The Rydex S&P Equal Weight ETF (NYSEArca:RSP) has returned
more than twice as much as the SPDR S&P 500 ETF (NYSEArca:SPY)
this year, with just 20 percent more risk, raising questions about
the validity of capitalization weightings in index ETFs, ConvergEx
Chief Market Strategist Nicholas Colas says.
While the equal-weighted Rydex S&P ETF, with year-to-date
returns of 8.59 percent, was far and away the best of the five
S&P 500 funds ConvergEx looked at, all beat SPY's 4.2 percent
gain, with returns clustered around 4.5 to 5.5 percent, Colas wrote
in his daily briefing on Oct. 22.
"I am not ready to say that we should ditch market cap weighting
altogether, but the data here is certainly a case study in how to
consider portfolio composition," Colas wrote in the briefing. "The
same stocks, assembled in different ways, yield very different
Colas stressed that risk is a crucial variable in choosing
investments and, RSP's relatively heavy exposure to the relatively
volatile materials sector was the main reason it outperformed its
competitors. ConvergEx measured risk as the standard deviation of
daily returns, Colas said.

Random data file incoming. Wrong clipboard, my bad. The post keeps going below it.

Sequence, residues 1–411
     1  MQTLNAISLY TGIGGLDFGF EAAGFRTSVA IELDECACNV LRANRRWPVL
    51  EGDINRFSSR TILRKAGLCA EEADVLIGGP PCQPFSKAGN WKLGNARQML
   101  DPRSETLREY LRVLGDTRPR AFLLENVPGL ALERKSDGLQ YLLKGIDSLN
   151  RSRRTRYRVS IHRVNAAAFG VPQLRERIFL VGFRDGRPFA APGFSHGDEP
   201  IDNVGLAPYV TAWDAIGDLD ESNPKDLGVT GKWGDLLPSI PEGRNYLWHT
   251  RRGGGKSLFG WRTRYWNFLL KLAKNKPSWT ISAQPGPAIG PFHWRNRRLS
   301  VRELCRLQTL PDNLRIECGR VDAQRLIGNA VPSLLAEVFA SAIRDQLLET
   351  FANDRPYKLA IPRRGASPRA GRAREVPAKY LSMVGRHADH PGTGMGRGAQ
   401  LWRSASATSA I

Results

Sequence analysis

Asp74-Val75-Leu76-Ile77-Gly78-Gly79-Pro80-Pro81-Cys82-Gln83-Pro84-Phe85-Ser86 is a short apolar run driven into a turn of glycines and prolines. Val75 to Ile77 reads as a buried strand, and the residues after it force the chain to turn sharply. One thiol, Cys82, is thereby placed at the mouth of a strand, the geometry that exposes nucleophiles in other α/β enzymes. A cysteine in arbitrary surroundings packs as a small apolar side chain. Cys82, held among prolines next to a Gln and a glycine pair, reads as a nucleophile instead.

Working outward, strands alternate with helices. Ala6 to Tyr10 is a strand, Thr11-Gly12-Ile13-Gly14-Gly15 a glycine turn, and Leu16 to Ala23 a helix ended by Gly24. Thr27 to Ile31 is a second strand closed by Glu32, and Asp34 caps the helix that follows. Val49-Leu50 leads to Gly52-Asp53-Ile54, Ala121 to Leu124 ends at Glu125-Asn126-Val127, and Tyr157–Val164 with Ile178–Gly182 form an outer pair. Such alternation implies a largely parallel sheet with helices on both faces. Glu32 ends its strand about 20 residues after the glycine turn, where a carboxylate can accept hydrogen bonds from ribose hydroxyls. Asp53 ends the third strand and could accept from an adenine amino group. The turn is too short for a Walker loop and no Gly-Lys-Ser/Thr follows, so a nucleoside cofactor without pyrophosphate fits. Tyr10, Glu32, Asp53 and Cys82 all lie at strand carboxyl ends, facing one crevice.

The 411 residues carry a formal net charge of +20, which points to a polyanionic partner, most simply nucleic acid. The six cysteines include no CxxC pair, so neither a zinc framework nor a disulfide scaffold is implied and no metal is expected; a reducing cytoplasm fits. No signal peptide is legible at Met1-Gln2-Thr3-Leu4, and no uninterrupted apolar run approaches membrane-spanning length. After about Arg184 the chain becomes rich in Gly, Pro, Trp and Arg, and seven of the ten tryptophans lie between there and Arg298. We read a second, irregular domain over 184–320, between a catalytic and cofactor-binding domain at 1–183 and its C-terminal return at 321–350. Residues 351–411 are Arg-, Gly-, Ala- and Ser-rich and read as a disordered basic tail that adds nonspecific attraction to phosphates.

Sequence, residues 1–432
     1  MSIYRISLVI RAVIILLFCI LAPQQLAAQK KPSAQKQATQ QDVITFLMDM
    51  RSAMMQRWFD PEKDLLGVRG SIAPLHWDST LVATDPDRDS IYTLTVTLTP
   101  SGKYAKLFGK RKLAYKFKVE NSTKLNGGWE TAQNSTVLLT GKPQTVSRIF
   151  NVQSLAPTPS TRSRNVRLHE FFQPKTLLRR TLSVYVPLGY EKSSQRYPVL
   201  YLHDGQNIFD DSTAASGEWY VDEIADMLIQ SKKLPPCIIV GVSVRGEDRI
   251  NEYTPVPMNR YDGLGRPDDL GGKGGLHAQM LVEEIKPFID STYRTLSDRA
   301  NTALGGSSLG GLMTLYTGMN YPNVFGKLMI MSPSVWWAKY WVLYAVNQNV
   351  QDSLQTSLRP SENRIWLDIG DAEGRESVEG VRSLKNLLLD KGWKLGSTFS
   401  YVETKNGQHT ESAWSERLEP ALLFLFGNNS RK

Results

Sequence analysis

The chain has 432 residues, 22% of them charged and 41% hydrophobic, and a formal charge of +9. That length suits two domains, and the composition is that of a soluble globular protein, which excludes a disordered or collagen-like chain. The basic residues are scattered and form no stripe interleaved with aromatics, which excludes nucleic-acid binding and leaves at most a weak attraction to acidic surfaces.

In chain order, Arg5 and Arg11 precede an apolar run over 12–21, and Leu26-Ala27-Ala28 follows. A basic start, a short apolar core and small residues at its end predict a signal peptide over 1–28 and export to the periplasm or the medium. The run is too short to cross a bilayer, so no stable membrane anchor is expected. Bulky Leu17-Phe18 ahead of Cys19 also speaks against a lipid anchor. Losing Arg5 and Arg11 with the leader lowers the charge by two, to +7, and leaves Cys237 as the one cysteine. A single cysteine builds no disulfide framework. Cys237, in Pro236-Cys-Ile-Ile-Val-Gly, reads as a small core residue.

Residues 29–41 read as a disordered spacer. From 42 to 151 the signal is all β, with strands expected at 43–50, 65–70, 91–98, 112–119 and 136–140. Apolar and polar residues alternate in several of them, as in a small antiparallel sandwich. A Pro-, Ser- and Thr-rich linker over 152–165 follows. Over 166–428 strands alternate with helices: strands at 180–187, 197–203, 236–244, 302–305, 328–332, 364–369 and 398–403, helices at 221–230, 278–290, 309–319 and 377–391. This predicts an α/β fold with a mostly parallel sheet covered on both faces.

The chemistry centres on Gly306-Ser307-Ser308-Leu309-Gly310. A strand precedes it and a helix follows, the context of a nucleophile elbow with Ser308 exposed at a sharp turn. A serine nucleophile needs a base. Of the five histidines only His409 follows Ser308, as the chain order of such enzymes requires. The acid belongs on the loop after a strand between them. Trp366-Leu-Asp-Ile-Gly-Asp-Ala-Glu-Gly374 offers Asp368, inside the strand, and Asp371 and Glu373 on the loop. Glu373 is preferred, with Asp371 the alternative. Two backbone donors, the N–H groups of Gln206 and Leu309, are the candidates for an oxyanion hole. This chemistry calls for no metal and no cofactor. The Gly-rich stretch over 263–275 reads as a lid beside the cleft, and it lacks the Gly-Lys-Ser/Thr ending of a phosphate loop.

"That outlier performance of the equal-weighted RSP is the
result of incremental risk-taking, but not very much, really. For
less than 20 percent more risk, you have been able to essentially
double your returns so far into the year," said Colas, who talked
to IndexUniverse.com recently about growing risks of a double-dip
recession in the U.S.
Included among the S&P 500 ETFs, or acceptable proxies, that
ConvergEx looked at and their year-to-date returns were:
- SPDR S&P 500 ETF (NYSEArca:SPY), 4.24 percent
- RevenueShares Large Cap ETF (NYSEArca:RWL), 5.48 percent
- WisdomTree Earnings 500 ETF (NYSEArca:EPS), 4.35 percent
- WisdomTree LargeCap Dividend ETF (NYSEArca:DLN), 5.33
- Rydex S&P Equal Weight ETF (NYSEArca:RSP), 8.59
- ALPS Equal Sector Weight ETF (NYSEArca:EQL), 4.73
Colas noted that something like $3.5 trillion of capital is
benchmarked to the S&P 500 Index, and almost $1 trillion is
indexed directly to it, showing just how deeply entrenched the
S&P 500 index has become in the fabric of modern finance.
SPY is the most popular exchange-traded fund in the U.S. and the
biggest ETF in the world. It had $4.91 trillion in turnover through
September and, through Oct. 20, had $80.51 billion in assets,
according to data compiled by IndexUniverse.com.
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